The membrane-anchored metalloproteinase a disintegrin and metalloprotease 10 (ADAM10) is required for shedding of membrane proteins such as EGF, betacellulin, the amyloid precursor protein, and CD23 from cells. ADAM10 is constitutively active and can be rapidly and post-translationally enhanced by several stimuli, yet little is known about the underlying mechanism. Here, we use ADAM10-deficient cells transfected with wild type or mutant ADAM10 to address the role of its cytoplasmic and transmembrane domain in regulating ADAM10-dependent protein ectodomain shedding. We report that the cytoplasmic domain of ADAM10 negatively regulates its constitutive activity through an ER retention motif but is dispensable for its stimulated activity. However, chimeras with the extracellular domain of ADAM10 and the transmembrane domain of ADAM17 with or without the cytoplasmic domain of ADAM17 show reduced stimulated shedding of the ADAM10 substrate betacellulin, whereas the ionomycin-stimulated shedding of the ADAM17 substrates CD62-L and TGFα is not affected. Moreover, we show that influx of extracellular calcium activates ADAM10 but is not essential for its activation by APMA and BzATP. Finally, the rapid stimulation of ADAM10 is not significantly affected by incubation with proprotein convertase inhibitors for up to 8 h, arguing against a major role of increased prodomain removal in the rapid stimulation of ADAM10. Thus, the cytoplasmic domain of ADAM10 negatively influences constitutive shedding through an ER retention motif, whereas the cytoplasmic domain and prodomain processing are not required for the rapid activation of ADAM10-dependent shedding events. PMID:25605720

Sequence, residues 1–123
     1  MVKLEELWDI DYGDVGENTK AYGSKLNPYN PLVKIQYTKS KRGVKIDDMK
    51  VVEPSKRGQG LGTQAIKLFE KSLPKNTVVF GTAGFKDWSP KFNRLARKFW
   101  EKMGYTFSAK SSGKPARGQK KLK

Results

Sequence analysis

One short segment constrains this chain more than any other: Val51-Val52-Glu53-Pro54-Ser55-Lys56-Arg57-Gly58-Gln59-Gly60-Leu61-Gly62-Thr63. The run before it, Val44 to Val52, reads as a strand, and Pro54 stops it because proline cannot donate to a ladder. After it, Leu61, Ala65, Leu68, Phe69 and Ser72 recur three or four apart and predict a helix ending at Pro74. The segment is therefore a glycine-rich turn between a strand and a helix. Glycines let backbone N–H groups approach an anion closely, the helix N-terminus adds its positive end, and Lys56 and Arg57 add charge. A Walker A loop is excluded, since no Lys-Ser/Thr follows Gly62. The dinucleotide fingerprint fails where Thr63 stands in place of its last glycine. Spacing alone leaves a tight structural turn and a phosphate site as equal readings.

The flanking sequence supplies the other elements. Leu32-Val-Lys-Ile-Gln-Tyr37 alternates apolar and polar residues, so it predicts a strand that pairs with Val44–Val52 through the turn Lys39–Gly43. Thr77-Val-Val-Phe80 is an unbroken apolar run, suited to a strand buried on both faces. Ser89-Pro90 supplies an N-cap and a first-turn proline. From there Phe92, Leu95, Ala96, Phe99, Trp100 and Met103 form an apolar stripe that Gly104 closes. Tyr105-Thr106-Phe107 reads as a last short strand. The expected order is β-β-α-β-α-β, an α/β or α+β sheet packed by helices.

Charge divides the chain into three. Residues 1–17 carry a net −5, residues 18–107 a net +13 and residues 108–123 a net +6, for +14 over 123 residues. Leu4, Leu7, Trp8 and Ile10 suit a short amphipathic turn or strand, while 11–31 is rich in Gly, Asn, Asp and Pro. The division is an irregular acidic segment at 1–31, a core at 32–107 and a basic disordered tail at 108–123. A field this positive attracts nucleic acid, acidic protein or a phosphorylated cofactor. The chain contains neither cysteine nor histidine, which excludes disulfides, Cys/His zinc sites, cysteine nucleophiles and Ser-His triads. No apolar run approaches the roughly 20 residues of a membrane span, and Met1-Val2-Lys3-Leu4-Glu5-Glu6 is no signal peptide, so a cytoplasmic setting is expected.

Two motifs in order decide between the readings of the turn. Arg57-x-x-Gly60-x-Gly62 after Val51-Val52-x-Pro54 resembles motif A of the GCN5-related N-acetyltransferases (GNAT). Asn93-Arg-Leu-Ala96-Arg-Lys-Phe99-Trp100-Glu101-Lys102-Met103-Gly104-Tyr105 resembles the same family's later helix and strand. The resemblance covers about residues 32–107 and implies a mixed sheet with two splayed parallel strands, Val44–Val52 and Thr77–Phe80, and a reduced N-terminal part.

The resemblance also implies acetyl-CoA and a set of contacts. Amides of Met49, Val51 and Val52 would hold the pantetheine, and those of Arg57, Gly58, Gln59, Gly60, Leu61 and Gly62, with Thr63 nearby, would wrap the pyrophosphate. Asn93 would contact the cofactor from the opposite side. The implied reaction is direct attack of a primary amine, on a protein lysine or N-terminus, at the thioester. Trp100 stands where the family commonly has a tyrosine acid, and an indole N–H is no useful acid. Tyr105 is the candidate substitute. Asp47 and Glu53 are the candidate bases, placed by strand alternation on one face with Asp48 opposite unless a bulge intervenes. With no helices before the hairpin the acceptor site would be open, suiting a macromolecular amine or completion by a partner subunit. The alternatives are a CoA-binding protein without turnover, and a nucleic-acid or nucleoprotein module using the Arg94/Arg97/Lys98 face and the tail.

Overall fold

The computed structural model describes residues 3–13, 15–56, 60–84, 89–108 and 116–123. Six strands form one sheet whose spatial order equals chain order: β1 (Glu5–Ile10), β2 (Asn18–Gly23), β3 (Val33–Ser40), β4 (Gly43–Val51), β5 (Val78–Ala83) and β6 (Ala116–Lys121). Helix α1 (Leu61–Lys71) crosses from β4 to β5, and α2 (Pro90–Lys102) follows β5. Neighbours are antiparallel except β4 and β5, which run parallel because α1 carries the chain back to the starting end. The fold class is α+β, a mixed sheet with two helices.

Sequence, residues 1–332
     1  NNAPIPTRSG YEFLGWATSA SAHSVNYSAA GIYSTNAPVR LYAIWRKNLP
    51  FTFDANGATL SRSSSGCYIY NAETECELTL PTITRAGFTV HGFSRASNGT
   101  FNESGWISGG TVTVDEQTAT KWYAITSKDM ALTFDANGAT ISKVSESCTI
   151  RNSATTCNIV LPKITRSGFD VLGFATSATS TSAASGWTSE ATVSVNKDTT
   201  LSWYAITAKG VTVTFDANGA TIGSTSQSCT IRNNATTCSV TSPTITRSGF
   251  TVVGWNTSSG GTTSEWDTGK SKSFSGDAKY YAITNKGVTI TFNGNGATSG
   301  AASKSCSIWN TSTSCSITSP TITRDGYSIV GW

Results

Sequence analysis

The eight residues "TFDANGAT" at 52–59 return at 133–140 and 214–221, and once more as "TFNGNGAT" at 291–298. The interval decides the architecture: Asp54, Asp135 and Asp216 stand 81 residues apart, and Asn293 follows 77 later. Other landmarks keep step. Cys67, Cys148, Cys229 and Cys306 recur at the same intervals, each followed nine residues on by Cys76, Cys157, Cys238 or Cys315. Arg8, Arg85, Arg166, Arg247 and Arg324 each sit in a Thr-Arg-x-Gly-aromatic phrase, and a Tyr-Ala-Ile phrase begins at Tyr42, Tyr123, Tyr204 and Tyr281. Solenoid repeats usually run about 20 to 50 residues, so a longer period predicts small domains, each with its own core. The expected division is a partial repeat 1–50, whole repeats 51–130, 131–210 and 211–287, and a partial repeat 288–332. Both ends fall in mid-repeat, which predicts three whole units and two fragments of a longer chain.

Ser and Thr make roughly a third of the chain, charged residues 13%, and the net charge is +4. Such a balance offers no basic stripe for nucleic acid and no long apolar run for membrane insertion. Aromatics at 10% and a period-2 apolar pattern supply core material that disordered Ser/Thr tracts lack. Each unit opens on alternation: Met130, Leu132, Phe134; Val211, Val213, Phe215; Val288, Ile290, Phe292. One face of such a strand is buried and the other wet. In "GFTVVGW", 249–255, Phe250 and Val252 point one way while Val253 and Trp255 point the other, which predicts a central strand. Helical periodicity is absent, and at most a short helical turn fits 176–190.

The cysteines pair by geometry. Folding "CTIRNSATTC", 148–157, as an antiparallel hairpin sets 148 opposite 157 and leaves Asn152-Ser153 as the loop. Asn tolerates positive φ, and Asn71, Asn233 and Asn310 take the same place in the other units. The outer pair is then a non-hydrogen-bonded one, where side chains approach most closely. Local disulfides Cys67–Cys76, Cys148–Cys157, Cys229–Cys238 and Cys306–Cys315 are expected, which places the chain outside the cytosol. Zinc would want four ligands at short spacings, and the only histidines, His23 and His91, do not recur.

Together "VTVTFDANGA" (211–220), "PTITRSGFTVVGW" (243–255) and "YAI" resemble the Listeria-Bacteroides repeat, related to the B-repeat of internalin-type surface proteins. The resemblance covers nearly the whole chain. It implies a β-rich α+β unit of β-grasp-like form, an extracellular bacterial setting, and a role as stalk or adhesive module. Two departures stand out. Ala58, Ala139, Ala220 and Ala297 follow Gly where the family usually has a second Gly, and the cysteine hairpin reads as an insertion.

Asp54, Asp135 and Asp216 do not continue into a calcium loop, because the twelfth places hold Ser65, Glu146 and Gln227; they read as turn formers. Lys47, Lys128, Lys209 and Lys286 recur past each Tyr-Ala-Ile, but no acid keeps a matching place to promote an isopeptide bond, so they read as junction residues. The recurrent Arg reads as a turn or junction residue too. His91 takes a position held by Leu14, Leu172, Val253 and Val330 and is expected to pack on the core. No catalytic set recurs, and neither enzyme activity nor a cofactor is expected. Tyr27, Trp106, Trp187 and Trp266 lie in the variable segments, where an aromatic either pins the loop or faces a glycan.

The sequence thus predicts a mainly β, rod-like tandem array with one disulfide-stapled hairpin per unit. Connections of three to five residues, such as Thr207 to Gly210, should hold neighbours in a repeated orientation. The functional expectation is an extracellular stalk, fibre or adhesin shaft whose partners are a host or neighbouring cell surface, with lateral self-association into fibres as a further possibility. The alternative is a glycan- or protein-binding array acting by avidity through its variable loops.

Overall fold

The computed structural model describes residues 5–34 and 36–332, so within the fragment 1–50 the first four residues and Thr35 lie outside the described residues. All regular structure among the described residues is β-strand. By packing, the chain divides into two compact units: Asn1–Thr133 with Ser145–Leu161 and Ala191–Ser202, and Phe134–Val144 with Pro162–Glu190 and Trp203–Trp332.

20. 78 FR 5196 - Notice of Invitation To Participate; Exploration for Coal in Colorado License Application COC-75642

    Federal Register 2010, 2011, 2012, 2013, 2014

    2013-01-24